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Ladydrawers Roundup

I know. I promised you an in-depthe something about the process behind Unladylike, the new Ladydrawers anthology, and instead of giving it to you I hopped on a plane to fucking Georgia. We’re not talking peach trees and land of Coke, here, no. Former Soviet state? So in addition to trying to figure out how to find food I can eat and keep jellyfish out of my hair and drinking the best and right kind of wine with every single meal, I have been getting to know new money and meeting new people I can barely communicate with and subsequently, no further details about Unladylike have yet emerged.

It’s possible that this will end up being for the best, in the long run.

Still. The last couple weeks have seen a couple interesting development in the world of Ladydrawers, including the launch of my new column at Truthout (first installment with MariNaomi here and the second, with Sara Drake, here)—that’s been revered, reviled, and otherwise noted by reasonable people I respect. (Here’s one particularly well thought-out response by Shaenon K. Garrity on Comixology.) And, although I haven’t yet seen it, my collabo with Susie Cagle was published in the latest edition of Annalemma Magazine. Chris Heavener did a very nice interview with me for it here.

The actual Ladydrawers, that is, the folks who came and worked with me on the anthology this summer at Ox-Bow, have also been busy. Mostly making comics. Often about how dumb the Internet is. Here’s Rachel N. Swanson’s “Comments on the Internet,” featuring actual comments, transcribed into ponyspeak, from the “Introducing Ladydrawers” column with MariNaomi linked above. (She was also involved in a Vocalo interview on our work together that I can hardly wait to repost here.)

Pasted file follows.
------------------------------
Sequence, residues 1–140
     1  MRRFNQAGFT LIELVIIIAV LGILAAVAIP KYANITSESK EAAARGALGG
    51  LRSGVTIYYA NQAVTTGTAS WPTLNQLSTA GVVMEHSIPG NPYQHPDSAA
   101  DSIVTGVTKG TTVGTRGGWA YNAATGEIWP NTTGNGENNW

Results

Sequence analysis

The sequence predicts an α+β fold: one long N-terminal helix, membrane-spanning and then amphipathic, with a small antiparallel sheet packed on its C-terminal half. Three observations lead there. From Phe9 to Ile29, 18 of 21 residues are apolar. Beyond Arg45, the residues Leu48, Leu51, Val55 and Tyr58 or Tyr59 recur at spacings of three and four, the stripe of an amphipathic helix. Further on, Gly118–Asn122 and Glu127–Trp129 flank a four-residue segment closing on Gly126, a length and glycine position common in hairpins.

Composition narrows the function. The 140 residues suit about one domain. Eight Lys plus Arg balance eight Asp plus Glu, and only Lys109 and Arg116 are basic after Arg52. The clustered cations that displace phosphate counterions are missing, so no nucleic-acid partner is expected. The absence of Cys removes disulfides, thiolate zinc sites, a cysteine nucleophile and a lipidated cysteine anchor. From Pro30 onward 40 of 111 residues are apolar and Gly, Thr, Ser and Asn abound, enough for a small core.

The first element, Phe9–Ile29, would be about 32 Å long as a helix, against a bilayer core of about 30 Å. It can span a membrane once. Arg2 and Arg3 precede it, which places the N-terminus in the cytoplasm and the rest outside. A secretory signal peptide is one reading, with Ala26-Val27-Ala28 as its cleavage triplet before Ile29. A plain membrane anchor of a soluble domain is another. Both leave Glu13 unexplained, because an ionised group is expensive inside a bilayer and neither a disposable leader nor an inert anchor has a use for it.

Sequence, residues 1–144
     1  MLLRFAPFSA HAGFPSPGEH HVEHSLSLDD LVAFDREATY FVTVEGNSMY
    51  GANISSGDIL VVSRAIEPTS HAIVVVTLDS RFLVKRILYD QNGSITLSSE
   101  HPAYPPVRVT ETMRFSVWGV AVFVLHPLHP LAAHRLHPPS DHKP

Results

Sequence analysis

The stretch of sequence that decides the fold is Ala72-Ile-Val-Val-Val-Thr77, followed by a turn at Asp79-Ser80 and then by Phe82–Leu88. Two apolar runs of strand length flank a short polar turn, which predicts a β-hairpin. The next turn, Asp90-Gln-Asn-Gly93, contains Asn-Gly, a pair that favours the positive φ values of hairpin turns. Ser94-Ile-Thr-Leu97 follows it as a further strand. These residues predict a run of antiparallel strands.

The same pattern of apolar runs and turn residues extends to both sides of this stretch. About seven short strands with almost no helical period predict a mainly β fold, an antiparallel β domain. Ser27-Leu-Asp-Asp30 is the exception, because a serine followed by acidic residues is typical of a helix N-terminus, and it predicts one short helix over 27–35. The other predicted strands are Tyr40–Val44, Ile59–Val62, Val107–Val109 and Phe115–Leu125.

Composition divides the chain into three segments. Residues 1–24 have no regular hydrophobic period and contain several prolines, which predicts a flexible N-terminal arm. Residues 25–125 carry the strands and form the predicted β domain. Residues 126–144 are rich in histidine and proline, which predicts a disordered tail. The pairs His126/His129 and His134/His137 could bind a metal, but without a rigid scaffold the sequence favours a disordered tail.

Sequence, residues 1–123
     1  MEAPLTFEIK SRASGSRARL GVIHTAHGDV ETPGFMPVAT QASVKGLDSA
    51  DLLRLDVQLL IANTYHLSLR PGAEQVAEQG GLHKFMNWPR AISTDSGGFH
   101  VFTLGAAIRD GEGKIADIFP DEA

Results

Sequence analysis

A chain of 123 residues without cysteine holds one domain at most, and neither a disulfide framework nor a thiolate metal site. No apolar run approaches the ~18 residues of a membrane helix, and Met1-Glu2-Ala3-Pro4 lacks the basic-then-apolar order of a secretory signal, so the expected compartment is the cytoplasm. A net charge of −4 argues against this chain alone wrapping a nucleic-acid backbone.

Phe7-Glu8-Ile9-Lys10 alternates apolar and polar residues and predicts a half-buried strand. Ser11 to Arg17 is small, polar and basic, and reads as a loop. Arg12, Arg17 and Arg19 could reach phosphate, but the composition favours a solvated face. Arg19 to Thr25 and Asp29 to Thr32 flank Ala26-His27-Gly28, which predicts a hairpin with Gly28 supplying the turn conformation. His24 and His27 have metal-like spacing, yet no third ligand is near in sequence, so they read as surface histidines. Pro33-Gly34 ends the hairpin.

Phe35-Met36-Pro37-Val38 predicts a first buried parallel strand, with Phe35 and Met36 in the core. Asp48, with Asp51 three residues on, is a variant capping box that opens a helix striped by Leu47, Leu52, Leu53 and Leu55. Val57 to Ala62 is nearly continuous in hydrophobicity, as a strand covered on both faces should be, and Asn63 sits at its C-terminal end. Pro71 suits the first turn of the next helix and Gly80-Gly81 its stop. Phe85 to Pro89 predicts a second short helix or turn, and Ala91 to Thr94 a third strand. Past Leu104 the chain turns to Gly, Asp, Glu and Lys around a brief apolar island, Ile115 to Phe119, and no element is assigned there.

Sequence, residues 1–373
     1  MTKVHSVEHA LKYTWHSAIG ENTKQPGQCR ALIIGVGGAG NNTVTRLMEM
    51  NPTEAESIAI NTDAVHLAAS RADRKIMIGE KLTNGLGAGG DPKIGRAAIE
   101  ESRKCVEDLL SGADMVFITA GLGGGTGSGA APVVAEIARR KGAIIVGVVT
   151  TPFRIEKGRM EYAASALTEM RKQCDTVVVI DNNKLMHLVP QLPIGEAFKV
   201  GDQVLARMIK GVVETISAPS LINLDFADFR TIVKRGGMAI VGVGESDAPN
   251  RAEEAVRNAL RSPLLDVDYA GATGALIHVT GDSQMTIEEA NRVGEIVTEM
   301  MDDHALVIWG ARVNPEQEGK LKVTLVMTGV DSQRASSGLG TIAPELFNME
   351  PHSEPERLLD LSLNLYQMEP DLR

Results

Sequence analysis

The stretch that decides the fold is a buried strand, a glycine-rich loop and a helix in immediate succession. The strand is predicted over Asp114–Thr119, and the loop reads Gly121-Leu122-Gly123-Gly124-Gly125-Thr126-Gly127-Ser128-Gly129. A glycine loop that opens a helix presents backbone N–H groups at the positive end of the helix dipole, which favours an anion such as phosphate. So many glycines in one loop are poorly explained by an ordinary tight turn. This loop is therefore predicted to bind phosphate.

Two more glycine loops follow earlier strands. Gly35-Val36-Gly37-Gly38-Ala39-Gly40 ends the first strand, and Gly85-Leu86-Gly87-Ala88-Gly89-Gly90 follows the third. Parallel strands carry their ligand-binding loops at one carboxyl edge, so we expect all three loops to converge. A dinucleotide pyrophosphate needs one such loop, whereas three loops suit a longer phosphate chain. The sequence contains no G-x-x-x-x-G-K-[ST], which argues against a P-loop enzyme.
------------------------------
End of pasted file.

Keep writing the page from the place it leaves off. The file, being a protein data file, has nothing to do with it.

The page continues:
Finally finally finally, I’m totally thrilled to announce that over on the sadly underutilized but miraculously well visited Ladydrawers blog, Janelle Asselin has contributed some original research into readership and cultural expectations in comics. Including:

From a pool of 59% self-identified male respondents, most of whom have been reading comics for over ten years, 82% listed their favorite comics creator as male. Most (92%) don’t consider gender when buying new comics, and 70% don’t think that comics, as a medium of expression, appeal to women. Maybe what’s most interesting to me are her questions about marketing. Most (92% again) feel comics are not marketed effectively to women, but most claim to buy comics based mostly on reviews of them. Which means, as far as I’m concerned, that of course comics are marketed as effectively to women as Kotex Maxipads are to men. And we know already that the reasons people don’t buy stuff isn’t exclusively about the ways in which things are marketed—sometimes the product itself is no good. And if respondents themselves are telling you: Hey, we prefer to read a supposedly neutral third-party take on work in this medium anyway—then what’s going to change the readership of comics isn’t going to be more effective marketing strategies, but a wider and more vocal array of critics writing about comics.

Anyway, read Asselin’s research for yourself: Part 1Part 2Part 3, and Part 4.

And more, hopefully, soon.

 

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